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SCOTUS: Habeas court erred in treating improper restriction on defendant’s closing argument as structural error

Glebe v. Frost, USSC No. 14-95, 11/17/14 (per curiam), reversing Frost v. Van Boening, 757 F.3d 910 (9th Cir. 2014) (en banc); docket and Scotusblog page

Supreme Court precedent has not clearly established that improper restriction of a defendant’s closing argument is structural error, so the Ninth Circuit erred in granting habeas relief on that ground.

Frost wanted to defend against criminal charges by arguing both that the state failed to prove he was an accomplice and that he acted under duress, but the state trial judge ruled he couldn’t simultaneously argue both theories in closing. The state supreme court held this restriction on his closing was improper, but harmless. On habeas review the Ninth Circuit concluded that under “clearly established federal law” for purposes of 28 U.S.C. § 2254(d)(1), improper restriction of the defendant’s closing argument a structural error. The Court summarily reverses:

[The Ninth Circuit’s] decision cannot stand. Assuming for argument’s sake that the trial court violated the Constitution, it was not clearly established that its mistake ranked as structural error. Most constitutional mistakes call for reversal only if the government cannot demonstrate harmlessness. Neder v. United States, 527 U.S. 1, 8, (1999). Only the rare type of error—in general, one that “‘infect[s] the entire trial process’” and “‘necessarily render[s][it] fundamentally unfair’”—requires automatic reversal. Ibid. None of our cases clearly requires placing improper restriction of closing argument in this narrow category.

The Ninth Circuit claimed that the Washington Supreme Court contradicted Herring v. New York, 422 U.S. 853 1975). Herring held that complete denial of summation violates the Assistance of Counsel Clause. According to the Ninth Circuit, Herring further held that this denial amounts to structural error. We need not opine on the accuracy of that interpretation. For even assuming that Herring established that complete denial of summation amounts to structural error, it did not clearly establish that the restriction of summation also amounts to structural error. A court could reasonably conclude, after all, that prohibiting all argument differs from prohibiting argument in the alternative. That is all the more true because our structural-error cases “ha[ve] not been characterized by [an] ‘in for a penny, in for a pound’ approach.” Nedersupra, at 17, n. 2. (Slip op. at 2-3).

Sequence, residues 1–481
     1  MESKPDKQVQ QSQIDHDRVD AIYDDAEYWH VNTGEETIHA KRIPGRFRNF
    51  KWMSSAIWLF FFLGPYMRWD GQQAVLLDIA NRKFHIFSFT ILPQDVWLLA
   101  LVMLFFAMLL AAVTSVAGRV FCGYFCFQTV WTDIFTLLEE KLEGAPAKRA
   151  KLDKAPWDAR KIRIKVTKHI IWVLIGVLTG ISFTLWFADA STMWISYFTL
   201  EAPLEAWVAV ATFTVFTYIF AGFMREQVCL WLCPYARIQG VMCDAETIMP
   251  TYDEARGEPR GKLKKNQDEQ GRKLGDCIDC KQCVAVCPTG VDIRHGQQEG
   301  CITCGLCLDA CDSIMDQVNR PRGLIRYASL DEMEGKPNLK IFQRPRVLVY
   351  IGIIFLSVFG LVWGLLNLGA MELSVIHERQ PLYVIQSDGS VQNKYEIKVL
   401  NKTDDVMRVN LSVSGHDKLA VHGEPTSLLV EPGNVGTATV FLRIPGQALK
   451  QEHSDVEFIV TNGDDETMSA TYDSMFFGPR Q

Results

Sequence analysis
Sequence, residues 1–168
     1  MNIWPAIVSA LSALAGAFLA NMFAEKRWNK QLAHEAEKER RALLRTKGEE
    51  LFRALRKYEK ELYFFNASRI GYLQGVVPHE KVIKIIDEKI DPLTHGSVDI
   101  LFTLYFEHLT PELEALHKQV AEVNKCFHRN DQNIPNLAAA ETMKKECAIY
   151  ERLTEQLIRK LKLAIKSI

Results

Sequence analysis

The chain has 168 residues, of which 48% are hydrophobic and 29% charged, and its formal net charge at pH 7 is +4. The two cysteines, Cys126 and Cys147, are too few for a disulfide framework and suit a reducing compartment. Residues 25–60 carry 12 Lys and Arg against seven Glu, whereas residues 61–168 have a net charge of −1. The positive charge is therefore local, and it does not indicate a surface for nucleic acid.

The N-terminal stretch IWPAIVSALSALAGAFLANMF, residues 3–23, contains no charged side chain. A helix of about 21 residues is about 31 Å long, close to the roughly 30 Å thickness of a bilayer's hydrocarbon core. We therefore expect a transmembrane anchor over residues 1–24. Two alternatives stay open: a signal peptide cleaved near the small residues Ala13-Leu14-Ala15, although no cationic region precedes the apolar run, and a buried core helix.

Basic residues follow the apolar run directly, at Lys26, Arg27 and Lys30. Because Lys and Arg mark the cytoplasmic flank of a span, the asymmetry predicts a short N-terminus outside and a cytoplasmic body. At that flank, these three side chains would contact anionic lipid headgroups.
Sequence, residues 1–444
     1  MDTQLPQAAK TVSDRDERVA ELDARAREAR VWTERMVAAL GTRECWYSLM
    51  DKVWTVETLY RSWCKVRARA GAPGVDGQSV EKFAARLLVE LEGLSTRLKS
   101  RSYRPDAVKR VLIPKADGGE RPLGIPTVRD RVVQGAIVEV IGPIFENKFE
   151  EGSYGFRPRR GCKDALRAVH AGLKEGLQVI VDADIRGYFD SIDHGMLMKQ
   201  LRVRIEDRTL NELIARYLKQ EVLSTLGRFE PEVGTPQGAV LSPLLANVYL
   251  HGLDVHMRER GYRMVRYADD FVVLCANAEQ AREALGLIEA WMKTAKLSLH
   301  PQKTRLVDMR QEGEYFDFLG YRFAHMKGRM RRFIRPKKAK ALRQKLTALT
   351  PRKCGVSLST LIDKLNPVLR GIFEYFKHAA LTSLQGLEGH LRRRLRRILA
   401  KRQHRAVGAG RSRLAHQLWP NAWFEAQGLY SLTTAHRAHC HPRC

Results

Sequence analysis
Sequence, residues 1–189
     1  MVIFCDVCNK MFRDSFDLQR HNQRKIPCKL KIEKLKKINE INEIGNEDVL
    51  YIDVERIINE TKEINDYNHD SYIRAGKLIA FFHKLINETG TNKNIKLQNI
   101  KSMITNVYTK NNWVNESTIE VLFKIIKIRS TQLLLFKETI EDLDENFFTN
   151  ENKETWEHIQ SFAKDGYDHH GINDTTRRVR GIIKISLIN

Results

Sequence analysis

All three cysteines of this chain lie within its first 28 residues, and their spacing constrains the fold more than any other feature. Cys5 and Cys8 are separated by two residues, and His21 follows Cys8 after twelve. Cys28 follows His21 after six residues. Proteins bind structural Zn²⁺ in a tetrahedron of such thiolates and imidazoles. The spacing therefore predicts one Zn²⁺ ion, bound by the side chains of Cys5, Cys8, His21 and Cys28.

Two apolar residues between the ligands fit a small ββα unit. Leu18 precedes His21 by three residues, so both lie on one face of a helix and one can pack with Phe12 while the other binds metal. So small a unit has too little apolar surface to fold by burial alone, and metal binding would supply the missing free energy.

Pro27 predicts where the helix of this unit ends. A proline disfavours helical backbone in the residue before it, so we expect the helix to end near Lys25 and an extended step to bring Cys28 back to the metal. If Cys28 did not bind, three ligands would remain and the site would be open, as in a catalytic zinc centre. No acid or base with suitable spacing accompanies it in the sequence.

Nor did the Ninth Circuit’s reliance on circuit precedent impress the Court: “As we have repeatedly emphasized, … circuit precedent does not constitute ‘clearly established Federal law, as determined by the Supreme Court.’” (Slip op. at 3).

The Ninth Circuit’s additional conclusion that Frost was forced to concede guilt in order to argue duress is “no more sound” than its structural error conclusion:

The trial court, to begin, did not prohibit the defense from arguing that the prosecution failed to prove the elements of the crime. It instead precluded the defense from simultaneously contesting reasonable doubt and claiming duress. Reasonable minds could disagree whether requiring the defense to choose between alternative theories amounts to requiring the defense to concede guilt. Still more could they disagree whether it amounts to eliminating the prosecution’s burden of proof, shifting the burden to the defendant, or directing a verdict. (Slip op. at 4).

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